By Libya Herald reporter.
Malta, 4 February 2015:
House of Representatives member Ali Tekbali, speaking to Libya Herald, believes that at least some . . .[restrict]of the recent terror attacks and incidents in Tripoli are attributable to Islamic State (IS).
Speculation as to whether IS is present in Libya, and specifically Tripoli, has continued with every new incident.
IS has either purportedly claimed responsibility for, or has been blamed for, the car bomb outside the Algerian embassy, the attack on Corinthia hotel and the separate attacks on the two Tripoli Revolutionaries’ Bridage sites in Al-Hadba and Fornaj. There have been other incidents linked to them too.
However, there is no solid indication yet as to who was really responsible for these attacks. IS supporters have claimed to have carried out some of these attacks.
For the attacks on the Tripoli Revolutionaries’ Brigade sites, the IS claim was that the attacks were in retaliation for the Brigade’sinvolvement in ending last week’s deadly assault on the Corinthia Hotel.
Nevertheless, these claims cannot be verified. IS has claimed responsibility for almost every recent attack in Tripoli, including the Corinthia raid. But some of these incidents could be totally unrelated.
Some could be simple criminal acts, or the settling of scores between militiamen or militias, or acts of personal revenge. The poor security situation in Tripoli and weak central security organization and infrastructure has meant that there is a perfect security vacuum for criminal and terror activities.
The Salvation Government of Omar Al-Hassi has been adamant that there is no IS presence in Tripoli. For example, it blamed the Corinthia hotel on former Qaddafi Revolutionary Guards and their Hit Squads and the Hafter Karama faction in eastern Libya.
The increase in attacks on Libya Dawn forces has also been interpreted as an internal split between the Islamist coalition that is now controlling Tripoli. The analysis presumes that the more moderate militias of Libya Dawn were in unity with the more extreme Ansar Sharia and IS, a presumption which in itself is questioned.
The Islamist coalition split is partially based on recent social network posts by IS targeting (relatively moderate Islamist) militias such as Abdulrauf Kara’s Nawsy brigade. Nawsy’s reaction to the warning in declaring a ‘’state of alert’’ yesterday gave credence to the IS warning and the Islamist coalition splits.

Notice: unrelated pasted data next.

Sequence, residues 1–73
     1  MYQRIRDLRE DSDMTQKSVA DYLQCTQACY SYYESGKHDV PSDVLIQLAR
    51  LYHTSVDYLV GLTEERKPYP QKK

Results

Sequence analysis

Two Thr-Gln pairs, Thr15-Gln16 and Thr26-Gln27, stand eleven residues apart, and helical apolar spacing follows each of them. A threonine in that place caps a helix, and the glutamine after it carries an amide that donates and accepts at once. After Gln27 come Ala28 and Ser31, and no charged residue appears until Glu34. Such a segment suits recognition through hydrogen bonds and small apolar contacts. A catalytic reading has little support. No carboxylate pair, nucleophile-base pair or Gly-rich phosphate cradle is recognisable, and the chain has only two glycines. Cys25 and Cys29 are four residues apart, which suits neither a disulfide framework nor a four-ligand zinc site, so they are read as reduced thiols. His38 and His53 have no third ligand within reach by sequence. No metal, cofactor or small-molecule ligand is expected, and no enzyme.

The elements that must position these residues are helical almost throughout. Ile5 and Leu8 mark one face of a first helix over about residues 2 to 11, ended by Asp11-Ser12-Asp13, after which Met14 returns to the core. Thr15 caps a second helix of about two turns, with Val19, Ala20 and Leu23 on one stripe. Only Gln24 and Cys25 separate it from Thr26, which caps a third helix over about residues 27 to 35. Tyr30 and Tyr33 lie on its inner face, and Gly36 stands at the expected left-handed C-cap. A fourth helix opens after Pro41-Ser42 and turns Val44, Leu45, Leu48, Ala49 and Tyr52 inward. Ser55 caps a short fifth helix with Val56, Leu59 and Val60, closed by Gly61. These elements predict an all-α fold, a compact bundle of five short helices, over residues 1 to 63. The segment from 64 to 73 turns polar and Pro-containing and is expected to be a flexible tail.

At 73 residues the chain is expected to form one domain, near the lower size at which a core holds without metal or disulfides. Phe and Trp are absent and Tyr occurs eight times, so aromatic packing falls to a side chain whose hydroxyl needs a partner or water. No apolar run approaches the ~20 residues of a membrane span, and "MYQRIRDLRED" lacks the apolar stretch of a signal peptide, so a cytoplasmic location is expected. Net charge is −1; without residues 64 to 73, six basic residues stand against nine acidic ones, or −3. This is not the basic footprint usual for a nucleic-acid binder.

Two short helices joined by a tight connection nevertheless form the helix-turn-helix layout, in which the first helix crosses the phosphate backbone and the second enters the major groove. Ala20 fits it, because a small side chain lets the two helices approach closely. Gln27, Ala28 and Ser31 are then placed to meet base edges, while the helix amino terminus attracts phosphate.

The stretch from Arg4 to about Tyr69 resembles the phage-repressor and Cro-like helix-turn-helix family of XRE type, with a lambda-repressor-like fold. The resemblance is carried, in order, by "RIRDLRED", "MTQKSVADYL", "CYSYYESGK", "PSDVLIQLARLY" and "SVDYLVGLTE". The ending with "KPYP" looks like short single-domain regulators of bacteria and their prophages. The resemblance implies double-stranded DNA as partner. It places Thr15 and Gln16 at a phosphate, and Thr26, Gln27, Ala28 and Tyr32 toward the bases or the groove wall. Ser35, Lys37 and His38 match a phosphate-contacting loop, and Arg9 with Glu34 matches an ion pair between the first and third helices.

Tekbali, is clear, however. ‘‘Daesh (Islamic State), when entering any place demand all others to give them loyalty’’, he explained ‘‘Today in Tripoli’’, he explained referring to the recent incidents, ‘‘this is what they (IS) are doing. All other factions are targets’’, he added emphatically.
However, the strains amongst coalitions are not just beginning to appear in the GNC/Libya Dawn coalition. The Hafter/Karama/HoR/Thinni government are experiencing their own troubles too.
News that Prime Minister Abdullah Thinni received some rough treatment during his recent visit to Benghazi, were not denied by Tekbali.
Thinni’s plane was initially refused permission to land at Benghazi’s Benina airport for having failed to get clearance from the Hafter/Karama leadership to land in what they had earlier declared a military zone.
‘‘Thinni has never been a fan of Hafter’’, Tekbali admitted. ‘’Any chance to split will be seized at’’, he added cryptically without wishing to clarify further.’’
The HoR member did not attempt to conceal tensions in the HoR either. ‘‘The HoR has its problems’’, he freely admitted. ‘’But good people are still in control’’, he added adamantly to Libya Herald’s enquiry about HoR internal tensions. [/restrict]